Candy Professor Marshmallow Madness continues today. Missed Part I? Click here for “In Search of Lost Marshmallow,” in which all mysteries of the origins and nature of marshmallow are revealed.

Marshmallows exploded onto the American candy scene in the early 1900s. New machines and recipes made it possible for marshmallow to be sold on a mass scale for the first time. And marshmallow everywhere inspired a new entertaining sensation for the high-society set: the marshmallow roast.

The city newspapers in Boston and Philadelphia and New York of the 1900s and 1910s are full of stories of fashionable marshmallow roasting parties. One such party in August 1908 brought a group of young revelers to the beach in Sea Girt, NJ:

A marshmallow party took a lot of young people from the Parker House down on the beach Wednesday evening, and there, making a fire, they gathered around the pile of burning driftwood and spun yarns, roasting just enough marshmallows to give an excuse for the gathering. “Sea Girt Plays Croquet,” NYT 8/1/1908

Marshmallow roasts weren’t restricted to the sea-side, to be sure. At mountain and lake side resorts in the summer months, the scene of roasting marshmallows around the campfire was always a highlight of the holiday. Summer society pages described the marshmallow roasting revels at popular destinations including Schroon Lake, Groton, Lake Placid, Belmar, and Pinehursh. A New York Times description of a 1911 party in Allenhurst, New Jersey gives a sense of the flavor of these evenings:

A marshmallow roast was given on Wednesday night by a number of young women and men from the cottage colony. They built a bonfire in front of the Casino and there toasted the sweets. When all the candy had been eaten they strolled along the beach in the moonlight.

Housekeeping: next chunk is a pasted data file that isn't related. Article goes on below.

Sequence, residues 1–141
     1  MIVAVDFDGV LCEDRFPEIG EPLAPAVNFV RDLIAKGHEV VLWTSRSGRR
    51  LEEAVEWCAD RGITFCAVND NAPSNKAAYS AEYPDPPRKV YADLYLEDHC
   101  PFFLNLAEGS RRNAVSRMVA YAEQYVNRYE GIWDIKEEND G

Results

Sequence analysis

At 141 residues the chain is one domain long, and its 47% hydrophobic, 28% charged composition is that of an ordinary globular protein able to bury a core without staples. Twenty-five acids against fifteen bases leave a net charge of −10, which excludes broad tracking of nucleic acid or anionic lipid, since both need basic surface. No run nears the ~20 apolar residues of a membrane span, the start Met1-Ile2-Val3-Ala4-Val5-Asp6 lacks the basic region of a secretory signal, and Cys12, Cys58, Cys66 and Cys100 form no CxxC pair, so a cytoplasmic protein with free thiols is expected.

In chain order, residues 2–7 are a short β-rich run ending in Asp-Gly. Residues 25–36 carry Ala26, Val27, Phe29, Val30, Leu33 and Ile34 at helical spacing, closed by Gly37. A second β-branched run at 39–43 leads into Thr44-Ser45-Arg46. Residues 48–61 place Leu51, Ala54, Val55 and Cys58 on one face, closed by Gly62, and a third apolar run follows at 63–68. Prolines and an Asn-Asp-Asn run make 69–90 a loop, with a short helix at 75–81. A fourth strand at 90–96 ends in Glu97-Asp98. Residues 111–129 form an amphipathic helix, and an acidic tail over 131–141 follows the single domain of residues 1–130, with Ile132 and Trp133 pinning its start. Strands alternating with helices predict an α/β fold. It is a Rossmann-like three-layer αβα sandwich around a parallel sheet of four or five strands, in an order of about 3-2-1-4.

It wasn’t just the society types who were roasting marshmallows in those days. Any place there was a camp fire, it seems, there were marshmallows. Camping was a popular American leisure activity for the middle classes, even in the 19th century. Teddy Roosevelt had gained fame as the leader of the “Rough Riders” in the Spanish American War in 1898; Roosevelt’s image of rugged fortitude and fresh-air adventure inspired the nation. Marshmallow roasting parties gave pampered city dwellers the chance to light the beach bonfire or the mountain campfire and go rustic. Kids were roughing it too: the idea of “scouting” for children was gaining popularity; the Boy Scouts of America would be founded in 1910.

The Scouts quickly developed a reputation for being inveterate marshmallow eaters. A Boys Life magazine editor, seeking to distinguish the useful magazine article from the obvious, zeroed in on the matter of marshmallow eating:

Eating marshmallows is an exercise that every scout knows perfectly well how to perform, and reading a hundred paragraphs about scouts who burned their tongues and smeared their faces with marshmallow powder would not increase their capacity for marshmallows. But, if the Podunk Scouts [who hope to have their article published] discovered some new, novel and brilliant stunt for acquiring those marshmallows, or developed some method by which they could be placed in the mouth blazing without taking the skin off their tongues, or invented some automatic guage that would stop a scout just before he absorbed enough marshmallows to make serious trouble in the department of the interior, that would be big news. (Boys Life July 1924 “Pow-Wow Department” p. 43)

Who roasted the first marshmallow, we don’t know. But I think it was a kid. You have this marshmallow, and you wonder, what would happen if I held a match to it? Only a kid would think of that. As the stories from the highs of the society pages to the middle brow pages of Boys Life attest, roasted marshmallows their eating and their roasting) are one treat with universal appeal. Is there anything better than the perfectly roasted marshmallow?

So this summer, as you douse your wood with lighter fluid and sharpen up your roasting sticks, imagine yourself back one hundred years ago. Lots of things have changed. But we still have roasted marshmallows!